5. No job is finished 'til the paperwork is done
You wouldn't believe how few people follow up after a conference. I probably speak with several hundred people a day at a conference and receive a single email from a half a dozen of them the week following the event. This doesn't mean that when you write someone the week after the conference you can expect him or her to join your team, put you on a huge show, sign you to a label, or manage your band, but you can assume that he or she took notice of your follow-through, even if that person doesn't respond right away or at all, for that matter. Sometimes, the follow-up requires follow-up still. Even when you get no immediate, tangible result from meeting someone at a conference or from emailing after, chances are your efforts are not lost entirely, and it could prove fruitful down the road or when you least expect it!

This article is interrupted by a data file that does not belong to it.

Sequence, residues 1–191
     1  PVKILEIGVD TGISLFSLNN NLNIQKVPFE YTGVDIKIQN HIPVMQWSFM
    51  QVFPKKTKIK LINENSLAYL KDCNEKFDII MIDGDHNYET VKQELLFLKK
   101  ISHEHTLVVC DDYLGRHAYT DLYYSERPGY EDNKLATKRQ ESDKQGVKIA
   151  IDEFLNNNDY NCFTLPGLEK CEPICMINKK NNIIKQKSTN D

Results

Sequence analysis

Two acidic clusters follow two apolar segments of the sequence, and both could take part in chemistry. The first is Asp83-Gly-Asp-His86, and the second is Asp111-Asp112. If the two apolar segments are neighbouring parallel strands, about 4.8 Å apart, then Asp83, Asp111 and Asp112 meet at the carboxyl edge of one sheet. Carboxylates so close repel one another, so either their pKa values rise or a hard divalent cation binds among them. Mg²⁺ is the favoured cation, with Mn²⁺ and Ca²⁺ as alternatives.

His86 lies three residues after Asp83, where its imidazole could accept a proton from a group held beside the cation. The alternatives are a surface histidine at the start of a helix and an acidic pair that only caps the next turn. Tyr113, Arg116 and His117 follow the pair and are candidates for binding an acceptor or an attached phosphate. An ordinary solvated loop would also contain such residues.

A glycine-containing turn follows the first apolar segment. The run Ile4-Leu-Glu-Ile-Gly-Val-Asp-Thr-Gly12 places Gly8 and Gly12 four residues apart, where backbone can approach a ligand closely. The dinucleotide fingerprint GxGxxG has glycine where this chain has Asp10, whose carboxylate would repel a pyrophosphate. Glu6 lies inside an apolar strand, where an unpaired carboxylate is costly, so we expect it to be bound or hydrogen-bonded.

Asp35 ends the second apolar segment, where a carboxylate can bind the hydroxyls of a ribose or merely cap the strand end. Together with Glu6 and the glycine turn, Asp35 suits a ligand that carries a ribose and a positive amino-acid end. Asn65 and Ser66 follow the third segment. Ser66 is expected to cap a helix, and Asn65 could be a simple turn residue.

Learn more about how to put your best foot forward at conferences:
- 10 Steps to Master Networking at Music Conferences
- The Biggest Dos and Don'ts For Marketing Yourself at Conferences
- 10 Ways to Make the Most Out of Music Conferences
Jeremy Weiss is the co-creator and executive director of LAUNCH Music Conference and Festival in Lancaster, PA. Weiss has owned and operated CI Records since 1987, with over 200 releases. He is the owner of CI Productions, having produced over 1,300 concerts throughout central Pennsylvania, and owns the Champ, an all-ages venue, in existence since 2004. Through the CI Companies, he manages Carousel Kings, One Year Later, the Road To Milestone, and more. Weiss is a "guru" (instructor) for The Entertainment Institute, an online music industry-related instructional service, founded by Kevin Lyman (Warped Tour creator/owner) and has appeared on panels and spoken at several conferences and colleges throughout the country.